"The challenge was making them look like they were worn and used and had a bit of life to them, and not have them just be new things that we manufactured for the movie," explains Bhasin, who found a knitter in New York to replicate the pieces. "I wanted them to be slightly ill-fitted. It's seen wear. It's seen life — like someone had put love into making them. We didn't want a finished product that was like perfect."

Another fun fact: Initially, Rogers's mom knit button-up cardigans, but pivoted to zippers for ease of change during the intro. Seasoned designer Bhasin, of course, ensured functionality for smooth takes, but the rest was up to Hanks. "That was all Tom," explains Bhasin. "He had done so much work on that and we had a few laughs on set where he was struggling to get the zipper done and the shoes on, and struggling to pass the shoe from one hand to the other. He made it look so effortless by the end."

Daniel Tiger! Photo: Lacey Terrell/Courtesy of Sony Pictures Entertainment

Daniel Tiger! Photo: Lacey Terrell/Courtesy of Sony Pictures Entertainment

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Borrowing From Mr. Rogers's Closet for Tom Hanks

Even though Rogers changed into his more relaxed uniform for the show, he always wore his proper and clipped-in neckwear. Bhasin and his team heavily researched and then replicated and silk-screened exact prints for Rogers's ties.

"Then I get to Pittsburgh and I go to see Joanne and she was like, 'I think I have those ties somewhere in a box. I was going to give them to Salvation Army,'" recalls Bhasin. "It was just hilarious and I was like, 'Oh my god, here's this tie we spent two months copying and it's right here in this box because he never threw it away.'" Joanne Rogers was "thrilled" to share the sentimental accessories, and Rogers probably would have approved, too. 

"Fred was such a Tom Hanks fan," continues Bhasin. "So [Joanne] was very excited to let us use and borrow things. Then everything just became doubly meaningful because it was actually his."

As an investigative journalist does (or should), Lloyd immerses himself in research prior to meeting his subject. He watches — on VHS tape — footage of Hanks as Rogers interspersed into real footage, including a 1985 visit to "The Oprah Winfrey Show" and a 1993 appearance on the "Arsenio Hall Show," when Rogers wore a leather-blocked varsity jacket matching Hall's.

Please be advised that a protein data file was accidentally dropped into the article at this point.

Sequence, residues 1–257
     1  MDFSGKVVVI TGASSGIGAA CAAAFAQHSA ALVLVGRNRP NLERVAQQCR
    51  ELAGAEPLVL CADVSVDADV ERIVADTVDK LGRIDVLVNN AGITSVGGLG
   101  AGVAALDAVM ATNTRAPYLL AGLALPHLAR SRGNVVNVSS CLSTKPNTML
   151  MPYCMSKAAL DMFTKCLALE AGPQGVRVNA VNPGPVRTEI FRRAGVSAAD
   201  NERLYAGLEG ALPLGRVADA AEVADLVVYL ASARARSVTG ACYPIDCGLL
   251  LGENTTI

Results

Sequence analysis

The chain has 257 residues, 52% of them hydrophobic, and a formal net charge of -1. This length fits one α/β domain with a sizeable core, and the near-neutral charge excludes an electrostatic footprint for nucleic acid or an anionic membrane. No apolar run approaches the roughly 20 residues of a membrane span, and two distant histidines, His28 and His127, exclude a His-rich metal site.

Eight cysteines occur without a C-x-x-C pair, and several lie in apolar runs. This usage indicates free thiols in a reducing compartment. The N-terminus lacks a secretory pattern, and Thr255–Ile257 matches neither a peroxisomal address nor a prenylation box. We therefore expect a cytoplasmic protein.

"We had started to build it, based on research, and then we were like, 'Wait a second. I think I know where that jacket is.' We found it [from his son]," says Bhasin. "So Tom is actually wearing Fred's jacket. It was pretty special."

Jerry (Chris Cooper) and Lloyd (Matthew Rhys). Photo: Lacey Terrell/Courtesy of Sony Pictures Entertainment

Jerry (Chris Cooper) and Lloyd (Matthew Rhys). Photo: Lacey Terrell/Courtesy of Sony Pictures Entertainment

Dressing Lloyd as a Cynical New York Journalist

"I always thought of him as this hip New Yorker," says Bhasin of the character, a new dad who lives in a Manhattan loft and is married to Beth from "This Is Us." "He was very entrenched in New York and everything that New York had to offer. He'd run away from New Jersey." 

Along with Heller, Bhasin imagined a backstory of Lloyd "escaping" — and continuously avoiding — his bridge-and-tunnel roots, which were exemplified by his father Jerry's (Chris Cooper) "The Sopranos"-meets-Rat Pack silvery-white "smoking jacket" (above), worn to his sister's wedding. "Jerry probably wore it to her last wedding," says Bhasin, adding, "The sister's wedding dress was just a little bit tacky. We just had a lot of fun with it."

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When we see Lloyd in his natural habitat, he's stomping through the bustling Esquire magazine floor in a tweedy blazer, button-down shirt, tie and jeans. His no-B.S. editor Ellen (Christine Lahti, in '90s power-blocked silk shirting) tasks Lloyd with a 400-word profile on "the hokey children's show guy," which he reluctantly accepts.

"All his fabrics were kind of bristly and scratchy feeling, like him," explains Bhasin, who enjoyed shopping '90s vintage for Rhys. "It was the heyday of Armani and we wanted very '90s light-colored jeans, loafers and the mock turtleneck. There's also an 'I don't give a shit' kind of vibe about him. He was too cool for school, almost." Also, like many of his New York media cohorts, he rarely veers from his established uniform — at first at least.

"We didn't give him heaps and heaps of clothing. He was like, 'This is my look; This is my style.' But once he meets Fred, Fred turns his world upside down," says Bhasin, who transitioned Lloyd into more casual long-sleeved T-shirts and, of course, cozy sweaters. "He starts to unravel and get softer. He gets more comfortable in himself and his mind."

Homepage image: Lacey Terrell/Courtesy of Sony Pictures Entertainment